The tweet notes one instance in the film where Rudolph’s father, Donner, “verbally abuses him” when he tries to cover up Rudolph’s shiny nose. “There are more important things than comfort: self-respect,” Donner tells Rudolph after the reindeer complains about the nose cover-up.

The father of Rudolph’s love interest is also called a “bigot” for forbidding his daughter from being seen with Rudolph. Some critics have also accused the cartoon of promoting sexism, based on Donner’s quick dismissal of Rudolph’s mom, after she offered to help search for their missing son. “No, this is man’s work,” Donner stated.

Despite the Huffington Post’s attempt to draw attention to the film’s flawed message, the tweet received tens of thousands of negative comments, most of them mocking the video. “Oh look! Something people like and enjoy; let's go ruin it!” tweeted Rebeccah Heinrichs. “If you try hard enough you can find offence in almost anything,” Chloe Westley seconded.

Others pointed out that HuffPost misrepresented the moral of the cartoon, as the boorish characters learn their lesson in the end. “But... but... the bigoted characters learn they were wrong. It teaches a lesson. It doesn't endorse the problematic stuff,” tweeted Robby Soave.

At a time when the nation is reexamining its historical past, “Rudolph” is not the only holiday classic being viewed with a more critical eye.

In November, ABC’s “A Charlie Brown Thanksgiving,” which first aired in 1973, received criticism for seating Franklin, the series only African American, alone on one side of the table while all the white characters were seated on the other side of the table.

Earlier this month, listeners of a Cleveland radio station voted to remove the song “Baby, It’s Cold Outside,” from the holiday catalogue, according to the station. Some critics has categorized the lyrics as “a little rapey.”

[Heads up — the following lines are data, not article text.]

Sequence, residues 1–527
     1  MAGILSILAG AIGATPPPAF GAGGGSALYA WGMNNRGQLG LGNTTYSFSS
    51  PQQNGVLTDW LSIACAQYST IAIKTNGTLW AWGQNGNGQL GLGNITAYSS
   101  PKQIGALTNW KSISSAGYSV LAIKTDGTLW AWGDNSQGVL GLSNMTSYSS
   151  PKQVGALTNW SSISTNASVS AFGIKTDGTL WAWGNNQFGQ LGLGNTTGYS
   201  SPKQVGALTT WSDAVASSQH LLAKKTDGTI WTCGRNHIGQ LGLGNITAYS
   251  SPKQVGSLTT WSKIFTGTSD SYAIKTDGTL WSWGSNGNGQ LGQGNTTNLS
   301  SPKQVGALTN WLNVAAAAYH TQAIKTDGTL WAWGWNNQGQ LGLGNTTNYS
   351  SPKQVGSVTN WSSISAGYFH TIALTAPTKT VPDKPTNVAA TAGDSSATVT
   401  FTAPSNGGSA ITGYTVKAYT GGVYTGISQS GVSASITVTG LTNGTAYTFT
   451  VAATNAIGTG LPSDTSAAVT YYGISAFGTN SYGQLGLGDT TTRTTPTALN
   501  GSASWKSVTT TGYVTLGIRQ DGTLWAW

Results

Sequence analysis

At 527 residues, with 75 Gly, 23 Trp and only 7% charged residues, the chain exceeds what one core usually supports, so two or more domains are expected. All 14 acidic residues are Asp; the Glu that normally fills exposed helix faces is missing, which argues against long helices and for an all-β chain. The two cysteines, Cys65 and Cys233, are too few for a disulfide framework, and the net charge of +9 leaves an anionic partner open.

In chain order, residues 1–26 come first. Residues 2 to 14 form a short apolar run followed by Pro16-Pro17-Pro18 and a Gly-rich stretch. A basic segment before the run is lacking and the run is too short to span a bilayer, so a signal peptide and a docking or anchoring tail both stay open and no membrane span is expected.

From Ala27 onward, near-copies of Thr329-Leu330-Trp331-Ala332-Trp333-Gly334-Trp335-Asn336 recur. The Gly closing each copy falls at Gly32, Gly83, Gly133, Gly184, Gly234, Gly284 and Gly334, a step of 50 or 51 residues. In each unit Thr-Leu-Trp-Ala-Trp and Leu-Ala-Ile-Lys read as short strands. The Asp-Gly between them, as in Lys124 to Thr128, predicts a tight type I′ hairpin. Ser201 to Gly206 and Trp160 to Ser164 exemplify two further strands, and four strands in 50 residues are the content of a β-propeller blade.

On Sunday, one of the original voice actors from “Rudolph” attempted to set the record straight. Corinne Conley, the voice of “Dolly for Sue” who lived on the “Island of Misfit Toys,” said the film is more relevant now than ever given the increase in bullying incidents.

The special isn’t suffering from the recent controversy, however. A recent poll found that “Rudolph the Red-Nosed Reindeer” was voted the most beloved Christmas movie, with 83% of participants finding it favorable.

So granted we live at a time in which multiple generations strive to co-exist, it is even more important to consider the history behind something as unique as artistic muse rather than having a rush to judgement or being focused on being “offended” for the sake of  political correctness.

Aside from polling stats it is clear that one man’s passion to comfort his child has inspired and reminded all that being different is indeed nothing to be ashamed of and his means of doing so is still relevant today.

We at The American Dossier wish our readers a Merry Christmas, a blessed holiday season and a happy New Year!
reindeer by Felikss Veilands is licensed under Pixaby Pixaby